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A HIDDEN LIFE gets 7/10 Out of the darkness


Directed by Terrence Malick

Starring August Diehl, Valerie Pachner, Matthias Schoenaerts

7/10

There may be some flaws in the pacing and story progression, but there’s no denying the artistic craftsmanship in A Hidden Life, which takes its time pondering greatly on this true story of utter defiance. This film feels so grand and majestic, even if it at times also feels laborious, particularly as it tries elongating (and diluting) its intense emotions in the lead up to the finish.

Franz Jägerstätter (August Diehl) lives an idyllic life in a small mountain village in Austria, tending to his farm and taking care of his kids with his wife Franziska (Valerie Pachner). But World War II looms over them – like the other countrymen, Franz is drafted for war, but unlike the other countrymen, he refuses to fight or swear allegiance to the Third Reich, for religious reasons. His status as a conscientious objector makes him a martyr, and the film wonders how much he will sacrifice for his faith.

A Hidden Life tells this very simple tale in a very simple way, but it resonates with a complexity about its morality, even if it feels so subdued. The implications of this central decision could evoke thousands of in-depth discussions, which would’ve occurred from a more literary filmmaker, but Terrence Malick has often been more visual, and he presents this film in a more indirectly ponderous manner.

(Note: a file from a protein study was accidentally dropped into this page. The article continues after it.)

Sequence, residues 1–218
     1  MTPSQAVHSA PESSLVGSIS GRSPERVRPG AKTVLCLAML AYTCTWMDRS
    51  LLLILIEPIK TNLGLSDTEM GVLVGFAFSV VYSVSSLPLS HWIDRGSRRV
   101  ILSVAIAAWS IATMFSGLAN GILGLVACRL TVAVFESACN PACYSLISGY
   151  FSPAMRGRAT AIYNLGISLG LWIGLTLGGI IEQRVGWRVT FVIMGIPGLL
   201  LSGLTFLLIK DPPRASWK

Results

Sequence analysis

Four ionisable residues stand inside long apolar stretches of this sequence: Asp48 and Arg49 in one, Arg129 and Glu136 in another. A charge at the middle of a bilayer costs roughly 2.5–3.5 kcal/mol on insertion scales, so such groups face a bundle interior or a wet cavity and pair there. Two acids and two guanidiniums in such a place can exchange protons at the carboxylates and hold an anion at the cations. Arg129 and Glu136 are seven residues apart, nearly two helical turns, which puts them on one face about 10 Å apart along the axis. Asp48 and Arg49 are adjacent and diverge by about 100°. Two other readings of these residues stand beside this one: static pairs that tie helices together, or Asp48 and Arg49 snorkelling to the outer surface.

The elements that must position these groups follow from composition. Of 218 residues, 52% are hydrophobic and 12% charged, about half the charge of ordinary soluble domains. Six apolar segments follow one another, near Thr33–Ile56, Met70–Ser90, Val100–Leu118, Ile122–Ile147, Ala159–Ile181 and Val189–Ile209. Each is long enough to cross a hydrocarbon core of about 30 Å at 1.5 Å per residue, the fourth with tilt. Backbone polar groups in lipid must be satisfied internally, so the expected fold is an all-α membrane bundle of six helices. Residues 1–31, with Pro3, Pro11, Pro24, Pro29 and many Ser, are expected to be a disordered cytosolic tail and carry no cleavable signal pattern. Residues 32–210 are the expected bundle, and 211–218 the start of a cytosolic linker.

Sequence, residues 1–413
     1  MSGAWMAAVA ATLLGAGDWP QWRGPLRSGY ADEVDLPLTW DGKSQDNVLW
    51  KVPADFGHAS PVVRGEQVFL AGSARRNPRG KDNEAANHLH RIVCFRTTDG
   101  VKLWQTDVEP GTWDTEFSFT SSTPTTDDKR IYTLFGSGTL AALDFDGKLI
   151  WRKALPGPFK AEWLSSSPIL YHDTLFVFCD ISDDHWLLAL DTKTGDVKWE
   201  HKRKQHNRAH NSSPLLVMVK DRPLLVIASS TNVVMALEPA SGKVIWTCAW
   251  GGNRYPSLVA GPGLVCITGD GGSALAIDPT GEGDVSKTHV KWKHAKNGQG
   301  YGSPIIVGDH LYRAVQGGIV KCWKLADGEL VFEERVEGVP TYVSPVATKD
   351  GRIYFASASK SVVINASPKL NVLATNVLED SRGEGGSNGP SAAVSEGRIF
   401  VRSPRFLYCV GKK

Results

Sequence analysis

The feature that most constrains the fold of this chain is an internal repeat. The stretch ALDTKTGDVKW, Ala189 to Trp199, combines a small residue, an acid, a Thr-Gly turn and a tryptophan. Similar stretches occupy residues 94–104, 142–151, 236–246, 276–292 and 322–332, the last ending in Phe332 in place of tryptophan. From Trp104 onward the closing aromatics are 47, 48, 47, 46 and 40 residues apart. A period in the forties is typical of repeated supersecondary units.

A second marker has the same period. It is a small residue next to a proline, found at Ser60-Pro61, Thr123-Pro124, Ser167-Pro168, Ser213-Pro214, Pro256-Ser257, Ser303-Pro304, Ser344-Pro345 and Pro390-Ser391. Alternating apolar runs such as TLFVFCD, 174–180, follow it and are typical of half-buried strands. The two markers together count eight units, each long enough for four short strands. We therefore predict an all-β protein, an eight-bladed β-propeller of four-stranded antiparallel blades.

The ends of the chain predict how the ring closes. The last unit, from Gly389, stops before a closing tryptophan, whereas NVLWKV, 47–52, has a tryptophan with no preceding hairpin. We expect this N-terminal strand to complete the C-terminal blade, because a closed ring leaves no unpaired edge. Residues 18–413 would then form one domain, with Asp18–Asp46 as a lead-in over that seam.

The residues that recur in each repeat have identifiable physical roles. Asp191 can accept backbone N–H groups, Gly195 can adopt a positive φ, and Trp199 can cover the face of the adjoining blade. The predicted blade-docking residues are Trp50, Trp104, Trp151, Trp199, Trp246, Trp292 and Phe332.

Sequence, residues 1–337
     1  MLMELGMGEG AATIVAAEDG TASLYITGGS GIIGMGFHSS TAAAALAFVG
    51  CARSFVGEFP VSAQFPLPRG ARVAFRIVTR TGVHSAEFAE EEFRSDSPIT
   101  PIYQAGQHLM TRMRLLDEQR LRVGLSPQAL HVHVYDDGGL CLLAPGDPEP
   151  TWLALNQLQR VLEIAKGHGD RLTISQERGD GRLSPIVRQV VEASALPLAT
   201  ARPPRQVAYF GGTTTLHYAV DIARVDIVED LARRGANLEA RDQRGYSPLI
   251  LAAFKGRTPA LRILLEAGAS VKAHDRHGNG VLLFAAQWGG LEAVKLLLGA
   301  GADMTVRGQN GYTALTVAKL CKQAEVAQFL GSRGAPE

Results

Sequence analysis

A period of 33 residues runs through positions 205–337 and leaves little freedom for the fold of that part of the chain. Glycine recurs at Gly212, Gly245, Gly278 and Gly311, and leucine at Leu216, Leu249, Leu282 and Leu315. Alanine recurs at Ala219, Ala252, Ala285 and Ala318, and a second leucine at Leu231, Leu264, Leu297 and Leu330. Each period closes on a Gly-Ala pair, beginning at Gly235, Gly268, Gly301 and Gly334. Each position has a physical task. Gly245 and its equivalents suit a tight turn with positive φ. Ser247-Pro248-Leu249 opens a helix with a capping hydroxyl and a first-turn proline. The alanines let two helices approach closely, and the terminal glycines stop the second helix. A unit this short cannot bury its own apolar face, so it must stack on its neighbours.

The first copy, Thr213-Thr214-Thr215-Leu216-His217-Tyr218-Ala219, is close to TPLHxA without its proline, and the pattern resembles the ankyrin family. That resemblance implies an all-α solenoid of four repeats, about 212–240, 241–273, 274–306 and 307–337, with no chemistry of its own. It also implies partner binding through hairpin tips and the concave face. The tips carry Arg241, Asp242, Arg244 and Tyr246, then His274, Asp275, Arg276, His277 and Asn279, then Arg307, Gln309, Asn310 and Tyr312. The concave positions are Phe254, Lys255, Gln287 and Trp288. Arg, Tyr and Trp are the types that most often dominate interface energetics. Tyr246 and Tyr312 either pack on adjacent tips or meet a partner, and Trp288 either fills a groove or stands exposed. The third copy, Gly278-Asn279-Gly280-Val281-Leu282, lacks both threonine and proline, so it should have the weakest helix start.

If you’re familiar with Malick’s unique style, it’s not much different here, though there certainly feels like there’s more actual substantive purpose than in the career low that were his last two films. This is a film that’s astonishingly crafted, completely transporting you to this historical setting, and (unsurprisingly for a Malick film) looks gorgeous in so many of the shots portraying this mountain village.

However, there’s a great disparity in quality between the masterful long shots and the awkward-looking close-ups. There should be great importance to the visage of the characters’ faces and what they’re telling, yet it’s distracting to see the faces distorted by odd lens work, as if Malick and his cinematographer didn’t bother changing lenses between long shots and close-ups. The landscapes look amazing, as do the characters, as long as they don’t get too close to the camera.

A Hidden Life seems to just miss on reaching masterpiece level, as it is very much reiterative, becoming particularly tedious towards the end and mangles any culminative power it’s trying to generate. It insists upon itself, but does so quietly and gracefully, and for that it is a film that will mean a different amount to different people.

DAVID MORGAN-BROWN

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